September 24, 2020
I am very happy to announce that, less than two months after its introduction on iPhone and iPad, Link HUB is now available on macOS too, thanks to Catalyst: version 1.5 is already in the Mac App Store and is free!
Link HUB is a dashboard from which you can quickly launch any URL (and I mean any: websites, URL schemes, HTTP GET calls for automation, deep-linking into apps, IFTTT webhooks and so on).
The app started as a small utility on iOS and iPadOS (where it’s a good multi-tasking citizen), but can sync links on all platforms with iCloud (while offering the option to have some links only available on certain devices, for instance only on Macs, or only on iPhones / iPads) and even supports NFC reading and writing; getting started with Link HUB is easy, thanks to the optional examples the app can add for you during the guided onboarding.
Link HUB 1.5 for iOS / iPadOS 14 is also available today in the App Store as a free update and introduces compatibility with the Mac version while adding full support for the latest release of Apple’s mobile operating system.
For Users who want more than 4 buttons and NFC support, an inexpensive subscription ($ 3.99 total for 1 year of Pro access on all platforms) is available as an option, and highly recommended to support the app’s future development.
It would mean the world to me if you decide to try Link HUB and tell your friends about it!
August 12, 2020
I’ve just posted Link HUB on Product Hunt 😸!
Please take a look, let me know what you think and consider sharing it and/or showing your support with an upvote: I’m really proud of the app after less than 10 days from its launch!
You can download Link HUB for free on the App Store.
August 8, 2020
The 4th update to Link HUB, my iOS and iPadOS dashboard to launch any kind of URL and URL scheme, has just landed in the App Store, and it is the biggest one yet… actually, version 1.4 adds the feature the app was originally imagined for: you can now use inexpensive NFC tags to trigger the launch of URLs you saved in Link HUB: Shortcuts, home automations, direct calls and messages to specific contacts, websites, web-hooks, and so on…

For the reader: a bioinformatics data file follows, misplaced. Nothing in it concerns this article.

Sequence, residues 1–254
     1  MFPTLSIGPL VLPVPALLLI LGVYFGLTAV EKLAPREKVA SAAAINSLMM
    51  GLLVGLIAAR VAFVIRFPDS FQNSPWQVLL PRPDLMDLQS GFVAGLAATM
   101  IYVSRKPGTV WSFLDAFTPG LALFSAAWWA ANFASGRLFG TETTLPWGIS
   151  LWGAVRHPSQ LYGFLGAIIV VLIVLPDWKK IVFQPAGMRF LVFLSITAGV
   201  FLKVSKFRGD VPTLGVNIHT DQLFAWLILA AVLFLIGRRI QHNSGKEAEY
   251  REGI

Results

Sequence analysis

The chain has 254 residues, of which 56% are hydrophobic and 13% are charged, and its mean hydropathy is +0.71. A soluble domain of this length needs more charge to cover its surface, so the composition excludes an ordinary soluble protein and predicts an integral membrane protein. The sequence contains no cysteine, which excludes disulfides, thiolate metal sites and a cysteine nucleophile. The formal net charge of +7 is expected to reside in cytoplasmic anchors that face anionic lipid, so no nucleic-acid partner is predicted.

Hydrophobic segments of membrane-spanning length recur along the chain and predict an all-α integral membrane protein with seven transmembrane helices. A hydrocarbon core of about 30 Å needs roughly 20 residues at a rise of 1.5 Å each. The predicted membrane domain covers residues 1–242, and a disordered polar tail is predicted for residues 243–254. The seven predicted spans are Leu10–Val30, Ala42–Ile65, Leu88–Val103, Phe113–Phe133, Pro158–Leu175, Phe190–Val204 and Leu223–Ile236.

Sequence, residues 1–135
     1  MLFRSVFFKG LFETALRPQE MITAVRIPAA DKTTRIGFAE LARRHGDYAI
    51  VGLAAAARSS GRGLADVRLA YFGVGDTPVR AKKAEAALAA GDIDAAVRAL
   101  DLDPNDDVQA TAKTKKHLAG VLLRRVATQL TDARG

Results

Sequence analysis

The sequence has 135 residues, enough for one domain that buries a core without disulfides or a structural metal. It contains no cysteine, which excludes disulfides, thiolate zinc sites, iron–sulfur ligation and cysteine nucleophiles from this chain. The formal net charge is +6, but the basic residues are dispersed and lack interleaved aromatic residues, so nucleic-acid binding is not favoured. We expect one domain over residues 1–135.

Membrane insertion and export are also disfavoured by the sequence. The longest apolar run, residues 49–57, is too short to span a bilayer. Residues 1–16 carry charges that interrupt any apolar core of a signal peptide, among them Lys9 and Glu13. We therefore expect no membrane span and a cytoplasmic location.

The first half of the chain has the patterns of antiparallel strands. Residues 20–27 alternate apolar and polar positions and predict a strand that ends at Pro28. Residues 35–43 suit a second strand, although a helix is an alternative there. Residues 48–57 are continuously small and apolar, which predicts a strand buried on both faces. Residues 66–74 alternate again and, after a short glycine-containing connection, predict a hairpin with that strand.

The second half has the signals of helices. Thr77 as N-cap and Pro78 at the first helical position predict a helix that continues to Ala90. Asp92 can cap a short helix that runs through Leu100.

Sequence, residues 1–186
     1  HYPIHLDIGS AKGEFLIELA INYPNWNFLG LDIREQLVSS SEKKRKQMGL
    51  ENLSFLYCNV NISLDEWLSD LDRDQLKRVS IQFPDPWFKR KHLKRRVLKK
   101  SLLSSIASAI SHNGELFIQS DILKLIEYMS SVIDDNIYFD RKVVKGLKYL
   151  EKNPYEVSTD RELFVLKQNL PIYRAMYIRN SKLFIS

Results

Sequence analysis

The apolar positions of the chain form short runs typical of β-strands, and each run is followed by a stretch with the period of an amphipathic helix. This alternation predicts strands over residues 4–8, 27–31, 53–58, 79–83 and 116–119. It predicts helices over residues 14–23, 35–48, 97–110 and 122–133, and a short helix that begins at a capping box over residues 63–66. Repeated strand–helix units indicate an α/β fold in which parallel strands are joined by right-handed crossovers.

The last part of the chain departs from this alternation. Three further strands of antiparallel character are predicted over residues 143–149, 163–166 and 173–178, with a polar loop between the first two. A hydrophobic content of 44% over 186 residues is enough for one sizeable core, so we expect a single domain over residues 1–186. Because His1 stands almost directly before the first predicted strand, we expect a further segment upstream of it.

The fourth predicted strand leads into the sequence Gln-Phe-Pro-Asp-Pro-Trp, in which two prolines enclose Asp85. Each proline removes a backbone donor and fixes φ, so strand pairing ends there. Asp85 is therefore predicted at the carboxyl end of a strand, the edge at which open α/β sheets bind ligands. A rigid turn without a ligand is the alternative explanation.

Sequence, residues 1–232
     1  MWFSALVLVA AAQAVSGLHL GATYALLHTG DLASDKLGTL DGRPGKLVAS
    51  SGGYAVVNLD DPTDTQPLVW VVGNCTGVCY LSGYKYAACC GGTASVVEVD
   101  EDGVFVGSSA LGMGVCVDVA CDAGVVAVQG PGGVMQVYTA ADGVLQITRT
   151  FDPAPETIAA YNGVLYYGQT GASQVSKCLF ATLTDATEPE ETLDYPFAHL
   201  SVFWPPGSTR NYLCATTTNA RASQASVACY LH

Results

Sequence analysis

A short video is worth a thousand words:
As you can see, this enables all kinds of automations: Link HUB can write cheap NFC stickers for you, to associate them to specific links. After Link HUB writes a tag with the specific informations it needs to recognise it later (and this procedure is very easy and completely automatic!), scanning it from inside the app will immediately launch the link; even better, tag reading even works when the app is not running, if your iPhone supports background NFC reading: for recent iPhone models you’ll receive a notification and, as soon as you’ll tap it, your link will be immediately launched.
NFC tag support is a really cool feature, implemented for the easiest and fastest usage possible, and requires the inexpensive - $ 3.99 total per year - Link HUB Pro subscription (and, obviously, some writable NFC tags).
Please read the Frequently Asked Questions for some human-understandable and not-too-nerdy informations to get you started with NFC… no previous experience with NFC required, as everything is completely automated by Link HUB!
I really hope you’ll love using NFC tags as much as I do!
You can download Link HUB for free in the App Store.
July 31, 2020
Once again, I miscalculated the timing of an app launch: this morning Link HUB, a fun project I started a couple of weeks ago, debuted in the App Store after a very fast review process.
I had a few launch images and the product page ready, but not this introductory post, so I rushed out a tweet and the app debuted into the world 🎉, actually with a warmer welcome than most of my iOS apps in recent years had: according to App Store Connect, which is showing me data for the last 8 hours as I write this, over 50 people downloaded it already!
For an hobbyist, self taught developer like myself, that’s a big number. Certainly most of these downloads came from the very precious retweets from Becky, Brent, Chris and Simon, who I want to really thank for their help ❤️!
I also sent a grand total of 2 tweets and one email to promote the app to people I follow and that have an audience I believe might be interested in this kind of product. I am not sure if this massive marketing effort produced any effects yet, but somehow I doubt that…